Qutb-ud-din outshone them all. He declared himself sultan of the north Indian lands, and although he ruled for only four years before dying in a fall from his polo pony in 1210, his sultanate lasted for over three centuries. The four years of Qutb-ud-din’s rule, after all, had built on the previous twenty years of his service to the Ghurids in northern India; and during those decades, he had worked hard to help the two Ghuri brothers transform their realm into a Muslim land. In his hands, it became a particularly Indian Muslim land: free from domination that came from beyond the mountains, but also a land where the old religious traditions were firmly stamped down into the mud. “He purged by his sword the land of Hind from the filth of infidelity and vice,” writes his contemporary, the Persian historian Hasan Nizami, “and freed the whole of that country from the thorn of God-plurality, and the impurity of idol-worship, and by his royal vigour and intrepidity, left not one temple standing.”5
At his death, Qutb-ud-din’s son Aram Shah set himself up as the next ruler of the north Indian kingdom. At once, he lost the southern cities of Gwalior and Ranthambore to revolt, and the eastern Bengalese province to the governor his father had appointed there, one Ali Mardan. Exasperated by this incompetence, a party of dissidents at Delhi invited one of Qutb-ud-din’s own Turkish slave officers (or ghulams), Iltumish, to come into that city and establish himself as a rival for the sultanate.6
Iltumish had not only been a trusted lieutenant of the dead sultan but was also his son-in-law; given that there was no neat tradition of father-to-son succession in the Muslim sultanates of India, he had as good a claim to the throne as Aram Shah. He accepted the invitation, and when Aram Shah marched south towards Delhi to drive him out, Iltumish met his brother-in-law outside the walls of Delhi and killed him in battle.
For the next twenty-five years, Iltumish would rule from Delhi, which became the capital of his sultanate. All twenty-five of those years were spent fighting. It took him another six years to drive out the other Turkish pretenders to power in Ghazni and the Sind, finally bringing both under his control by 1217. The city of Lahore (troubled, says Nizami, by “calamities, and changes of governors, and the sedition of rebels, [and] the flames of turbulence and opposition”) by itself held out until 1228, and Bengal was not completely under his control until 1231.7
32.2 Delhi under Iltumish
At the same time, Iltumish did his best to invade the still-Hindu lands that had not fallen to Ghurid rule. The kingdom of Orissa, on the eastern coast, suffered from fighting on its northern borders but managed to hold off the newcomers. A few Rajput kingdoms survived in central India, battered but still unconquered. Mewar, some 280 miles inland from the Indian Ocean, was chief among them; Iltumish mounted a major assault against the Hindu ruler of Mewar, Jaitra Singh, but although he was able to sack the city of Aghata, Jaitra Singh held out against him.
The repulse of the Muslim forces from Mewar was hailed, by the Hindus of India, as a religious victory. Iltumish, after all, was a Muslim ruler, remembered in his inscriptions as “protector of God’s territories,” builder of mosques and minarets. Halfway through his sultanate, the caliph in Baghdad—still holding on to the bare remnants of Abbasid power—recognized his rule by awarding him both a robe of honor and the ceremonial title Sultan-i-azam, “Great Sultan,” legitimate and God-ordained ruler over his conquered lands; this gave Iltumish and his successors the right to use the title “Auxiliary of the Commander of the Faithful” on their coins. The Hindu deities, as an inscription celebrating Jaitra Singh’s resistance exclaims, were “intoxicated with a drink of the blood” of the Muslim soldiers who had attacked them. Jaitra Singh’s successful defense of his crown was also a defense of the Hindu world against the Muslim invaders.8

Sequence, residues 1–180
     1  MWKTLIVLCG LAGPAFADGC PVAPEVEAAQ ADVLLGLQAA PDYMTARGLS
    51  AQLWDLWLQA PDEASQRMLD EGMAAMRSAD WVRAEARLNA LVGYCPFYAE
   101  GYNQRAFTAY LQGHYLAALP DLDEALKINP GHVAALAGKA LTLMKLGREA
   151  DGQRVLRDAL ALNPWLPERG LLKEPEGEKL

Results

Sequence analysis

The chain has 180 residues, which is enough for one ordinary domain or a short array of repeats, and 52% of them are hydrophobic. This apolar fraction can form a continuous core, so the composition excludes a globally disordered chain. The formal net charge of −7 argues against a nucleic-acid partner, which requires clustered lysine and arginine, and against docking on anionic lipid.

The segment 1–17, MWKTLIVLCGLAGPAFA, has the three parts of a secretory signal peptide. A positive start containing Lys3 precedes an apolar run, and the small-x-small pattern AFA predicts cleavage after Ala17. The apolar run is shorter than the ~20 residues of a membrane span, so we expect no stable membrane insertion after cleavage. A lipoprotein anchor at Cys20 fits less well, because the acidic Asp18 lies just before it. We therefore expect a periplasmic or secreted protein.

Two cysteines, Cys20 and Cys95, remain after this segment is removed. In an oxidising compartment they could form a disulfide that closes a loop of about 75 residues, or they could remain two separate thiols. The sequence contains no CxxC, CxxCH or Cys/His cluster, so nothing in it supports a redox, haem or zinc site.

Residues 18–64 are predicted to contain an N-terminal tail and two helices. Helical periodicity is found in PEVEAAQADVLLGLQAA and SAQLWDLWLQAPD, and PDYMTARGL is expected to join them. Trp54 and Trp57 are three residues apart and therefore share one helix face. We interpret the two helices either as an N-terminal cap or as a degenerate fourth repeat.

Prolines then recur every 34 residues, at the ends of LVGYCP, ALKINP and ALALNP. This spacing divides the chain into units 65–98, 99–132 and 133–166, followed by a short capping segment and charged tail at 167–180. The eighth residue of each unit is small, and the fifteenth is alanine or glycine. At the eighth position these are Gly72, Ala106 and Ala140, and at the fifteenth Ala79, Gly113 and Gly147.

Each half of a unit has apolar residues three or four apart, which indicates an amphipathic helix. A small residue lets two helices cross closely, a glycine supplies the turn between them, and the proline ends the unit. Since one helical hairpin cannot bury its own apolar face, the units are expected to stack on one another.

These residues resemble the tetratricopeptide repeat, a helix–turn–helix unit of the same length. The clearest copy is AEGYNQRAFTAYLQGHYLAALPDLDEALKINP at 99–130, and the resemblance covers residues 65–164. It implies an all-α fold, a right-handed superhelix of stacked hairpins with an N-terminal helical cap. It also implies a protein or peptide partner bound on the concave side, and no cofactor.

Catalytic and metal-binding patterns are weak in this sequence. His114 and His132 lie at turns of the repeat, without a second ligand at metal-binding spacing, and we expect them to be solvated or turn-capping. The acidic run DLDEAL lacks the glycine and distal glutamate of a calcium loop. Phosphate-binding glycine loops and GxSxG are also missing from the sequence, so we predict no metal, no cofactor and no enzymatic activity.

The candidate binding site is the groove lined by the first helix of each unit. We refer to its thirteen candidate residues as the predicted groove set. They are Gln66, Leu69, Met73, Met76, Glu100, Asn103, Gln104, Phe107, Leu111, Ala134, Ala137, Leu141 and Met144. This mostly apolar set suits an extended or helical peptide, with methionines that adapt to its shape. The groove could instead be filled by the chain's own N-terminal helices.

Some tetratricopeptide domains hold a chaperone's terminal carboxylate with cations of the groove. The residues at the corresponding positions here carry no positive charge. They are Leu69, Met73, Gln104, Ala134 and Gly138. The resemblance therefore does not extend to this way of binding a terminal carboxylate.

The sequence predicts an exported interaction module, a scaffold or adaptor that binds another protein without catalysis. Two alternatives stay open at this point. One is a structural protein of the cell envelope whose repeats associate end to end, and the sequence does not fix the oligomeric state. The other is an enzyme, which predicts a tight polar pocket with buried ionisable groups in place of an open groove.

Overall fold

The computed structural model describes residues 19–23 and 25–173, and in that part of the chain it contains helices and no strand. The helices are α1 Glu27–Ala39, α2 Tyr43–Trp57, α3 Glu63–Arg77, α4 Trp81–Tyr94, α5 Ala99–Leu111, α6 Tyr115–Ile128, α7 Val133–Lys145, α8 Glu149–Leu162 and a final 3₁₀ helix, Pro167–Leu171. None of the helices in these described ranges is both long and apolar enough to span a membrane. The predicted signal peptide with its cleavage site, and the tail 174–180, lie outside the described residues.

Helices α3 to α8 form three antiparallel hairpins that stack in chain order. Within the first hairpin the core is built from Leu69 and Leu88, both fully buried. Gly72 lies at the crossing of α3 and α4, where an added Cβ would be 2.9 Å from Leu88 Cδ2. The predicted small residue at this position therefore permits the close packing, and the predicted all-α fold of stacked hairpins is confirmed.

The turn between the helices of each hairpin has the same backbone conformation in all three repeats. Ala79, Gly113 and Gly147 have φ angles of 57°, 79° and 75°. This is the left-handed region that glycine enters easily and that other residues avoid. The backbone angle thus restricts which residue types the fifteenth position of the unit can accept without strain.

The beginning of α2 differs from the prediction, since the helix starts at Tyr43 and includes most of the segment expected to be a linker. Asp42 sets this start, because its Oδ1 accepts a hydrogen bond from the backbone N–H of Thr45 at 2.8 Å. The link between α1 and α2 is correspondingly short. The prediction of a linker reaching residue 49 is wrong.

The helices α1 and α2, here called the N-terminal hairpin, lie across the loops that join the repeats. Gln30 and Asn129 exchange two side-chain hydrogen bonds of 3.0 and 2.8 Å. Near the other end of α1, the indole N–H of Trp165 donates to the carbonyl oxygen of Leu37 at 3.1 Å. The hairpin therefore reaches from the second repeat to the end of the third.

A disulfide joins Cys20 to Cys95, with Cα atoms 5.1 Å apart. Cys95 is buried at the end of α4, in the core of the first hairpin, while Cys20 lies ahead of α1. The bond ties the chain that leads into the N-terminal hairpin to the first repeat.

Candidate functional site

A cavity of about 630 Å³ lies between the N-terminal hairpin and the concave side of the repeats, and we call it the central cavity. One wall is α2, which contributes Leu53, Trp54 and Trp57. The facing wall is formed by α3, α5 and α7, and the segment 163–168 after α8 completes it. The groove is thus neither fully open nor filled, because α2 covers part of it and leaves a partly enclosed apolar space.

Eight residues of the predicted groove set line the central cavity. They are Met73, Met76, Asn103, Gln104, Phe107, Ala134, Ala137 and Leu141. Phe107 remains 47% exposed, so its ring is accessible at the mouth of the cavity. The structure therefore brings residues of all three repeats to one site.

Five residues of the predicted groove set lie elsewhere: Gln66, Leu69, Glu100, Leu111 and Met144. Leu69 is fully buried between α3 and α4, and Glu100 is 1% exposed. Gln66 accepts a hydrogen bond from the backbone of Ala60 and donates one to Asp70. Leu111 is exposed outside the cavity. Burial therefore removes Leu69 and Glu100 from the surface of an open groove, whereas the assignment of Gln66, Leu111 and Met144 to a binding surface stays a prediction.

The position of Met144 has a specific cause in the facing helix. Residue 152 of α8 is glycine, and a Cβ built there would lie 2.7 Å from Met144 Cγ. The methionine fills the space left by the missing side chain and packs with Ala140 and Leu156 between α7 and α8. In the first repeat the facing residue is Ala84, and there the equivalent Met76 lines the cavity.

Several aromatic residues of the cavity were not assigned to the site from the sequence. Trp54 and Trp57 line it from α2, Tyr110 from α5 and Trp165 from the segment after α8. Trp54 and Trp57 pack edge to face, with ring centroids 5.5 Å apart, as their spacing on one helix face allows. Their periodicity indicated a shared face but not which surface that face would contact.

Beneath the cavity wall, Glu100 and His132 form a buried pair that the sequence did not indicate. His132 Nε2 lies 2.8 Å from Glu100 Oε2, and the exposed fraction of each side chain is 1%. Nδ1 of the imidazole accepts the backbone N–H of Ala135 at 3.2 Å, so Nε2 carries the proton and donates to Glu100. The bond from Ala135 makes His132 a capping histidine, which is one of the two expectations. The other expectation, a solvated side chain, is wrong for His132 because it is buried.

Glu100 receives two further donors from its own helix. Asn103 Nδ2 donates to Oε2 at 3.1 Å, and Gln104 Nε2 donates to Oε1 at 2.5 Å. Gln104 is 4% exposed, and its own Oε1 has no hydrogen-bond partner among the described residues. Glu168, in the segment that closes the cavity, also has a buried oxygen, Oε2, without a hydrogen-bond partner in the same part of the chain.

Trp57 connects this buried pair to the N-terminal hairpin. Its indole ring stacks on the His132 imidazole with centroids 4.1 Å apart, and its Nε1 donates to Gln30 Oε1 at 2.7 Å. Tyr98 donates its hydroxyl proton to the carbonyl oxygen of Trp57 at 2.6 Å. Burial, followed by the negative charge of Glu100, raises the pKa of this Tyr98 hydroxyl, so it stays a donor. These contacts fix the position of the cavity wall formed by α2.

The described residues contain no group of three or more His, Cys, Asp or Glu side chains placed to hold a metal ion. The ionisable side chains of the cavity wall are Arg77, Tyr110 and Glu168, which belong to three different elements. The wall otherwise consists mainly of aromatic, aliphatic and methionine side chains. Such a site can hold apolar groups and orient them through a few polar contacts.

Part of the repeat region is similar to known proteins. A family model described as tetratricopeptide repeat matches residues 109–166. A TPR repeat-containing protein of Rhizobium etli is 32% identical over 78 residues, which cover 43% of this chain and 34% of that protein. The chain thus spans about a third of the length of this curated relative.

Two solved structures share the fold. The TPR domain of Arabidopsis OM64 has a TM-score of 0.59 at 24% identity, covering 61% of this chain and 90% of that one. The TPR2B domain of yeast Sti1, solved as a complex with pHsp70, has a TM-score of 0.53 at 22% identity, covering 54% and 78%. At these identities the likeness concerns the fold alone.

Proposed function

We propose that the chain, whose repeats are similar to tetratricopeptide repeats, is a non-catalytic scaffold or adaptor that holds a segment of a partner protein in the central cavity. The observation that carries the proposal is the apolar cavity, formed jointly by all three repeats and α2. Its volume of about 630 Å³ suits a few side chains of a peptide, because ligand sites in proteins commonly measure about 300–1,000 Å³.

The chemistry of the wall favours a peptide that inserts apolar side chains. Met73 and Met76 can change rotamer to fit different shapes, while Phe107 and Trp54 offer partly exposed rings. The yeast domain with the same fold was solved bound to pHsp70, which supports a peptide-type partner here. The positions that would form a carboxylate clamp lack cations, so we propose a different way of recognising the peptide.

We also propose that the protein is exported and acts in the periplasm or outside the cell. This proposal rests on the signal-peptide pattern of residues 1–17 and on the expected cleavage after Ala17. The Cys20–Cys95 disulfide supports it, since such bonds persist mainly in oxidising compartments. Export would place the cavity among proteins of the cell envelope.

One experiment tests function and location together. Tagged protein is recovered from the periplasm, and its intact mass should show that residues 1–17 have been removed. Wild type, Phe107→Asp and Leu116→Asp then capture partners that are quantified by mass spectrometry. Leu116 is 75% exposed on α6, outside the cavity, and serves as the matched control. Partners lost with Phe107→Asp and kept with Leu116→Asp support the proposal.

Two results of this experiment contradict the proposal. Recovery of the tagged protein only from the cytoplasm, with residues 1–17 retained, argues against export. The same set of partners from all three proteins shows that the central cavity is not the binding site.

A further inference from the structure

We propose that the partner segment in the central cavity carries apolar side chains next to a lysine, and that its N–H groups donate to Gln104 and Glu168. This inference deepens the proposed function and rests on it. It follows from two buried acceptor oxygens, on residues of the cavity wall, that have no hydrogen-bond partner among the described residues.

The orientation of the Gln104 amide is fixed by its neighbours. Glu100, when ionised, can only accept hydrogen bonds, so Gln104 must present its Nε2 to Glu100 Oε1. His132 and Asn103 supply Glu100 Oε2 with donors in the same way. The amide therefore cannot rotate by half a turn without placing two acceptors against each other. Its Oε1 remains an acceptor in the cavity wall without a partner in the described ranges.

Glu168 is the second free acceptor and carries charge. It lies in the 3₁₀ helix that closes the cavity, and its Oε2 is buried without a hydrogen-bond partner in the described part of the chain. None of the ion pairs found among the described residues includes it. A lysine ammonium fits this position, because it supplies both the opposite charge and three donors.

Yet at the same time, Iltumish was pragmatically aware that the Hindus in his realm had to be treated gently. He promised them the status of dhimmi: non-Muslim subjects of a Muslim king, allowed to hold property and to claim legal rights but exempt from Islamic requirements, like resident aliens in a modern nation-state. Like the Crusaders, Iltumish was savvy enough to separate political realities from religious aspirations.9
In 1236, the Sultan of Delhi—now in his twenty-sixth year of rule—was campaigning against rebels hiding in the Salt Range mountains, north of his capital, when he became too ill to sit on his horse. He was carried back to Delhi and died there in April.10
He had fathered at least four children, three sons and a daughter; his oldest son, who had been governing Bengal as his vice-regent, had died prematurely seven years earlier, and his two younger sons were (in his eyes) weak and incompetent. So, shocking his people to their core, he left the title of Sultan of Delhi to his daughter Raziyya, twenty-one years old; in the words of the historian Peter Jackson, with “all the attributes of a successful ruler except one . . . she was not a man.”11
Raziyya had her supporters, but although they managed to engineer her enthronement, another equally strong cabal threw its weight behind her trifling (but male) brother Firoz (“a weak and licentious prince”). Raziyya claimed and held on to the title Sultan, but she found herself continually thwarted not just by her Hindu enemies, but by the subjects in her own sultanate who did not acknowledge her sovereignty. She was, according to all accounts, a competent, clear-thinking, strategic ruler, but even her attempts to prove her worth by wearing male clothing and armor threw the Sultanate of Delhi into a long and violent chaos. Raziyya, would-be defender of Islam, threatened Delhi’s very existence as an Islamic state; and it was, almost, unable to survive the contradiction.12
* After the death of Muhammad himself in 632, the leadership of the new Muslim community was claimed by the Prophet’s old friend Abu Bakr, who had the support of many of Muhammad’s followers. Others, though, believed that Muhammad’s closest male relative, his son-in-law Ali, should be the Prophet’s successor. Although Ali himself agreed to accept Abu Bakr’s headship, a subset of Muslims continued to insist that only Ali and his successors were divinely appointed, and that Abu Bakr and his immediate successors were illegitimate usupers. They became known as “Shi’ite” Muslims (the “party of Ali”), while the supporters of Abu Bakr became known as “Sunni” Muslims. As Farhad Daftary points out in his study of the Isma’ili sect, the early history of the Shi’ite movement is “shrouded in obscurity,” but within a century the Sunni and Shi’ite Muslims had already developed significantly different theological doctrines, traditions, and laws. The events surrounding Abu Bakr’s succession are described in Bauer, The History of the Medieval World. pp. 295ff; Daftary’s useful capsule explanation is found in chapter 2 of The Assassin Legends: Myths of the Isma’ilis (I. B. Tauris, 1995).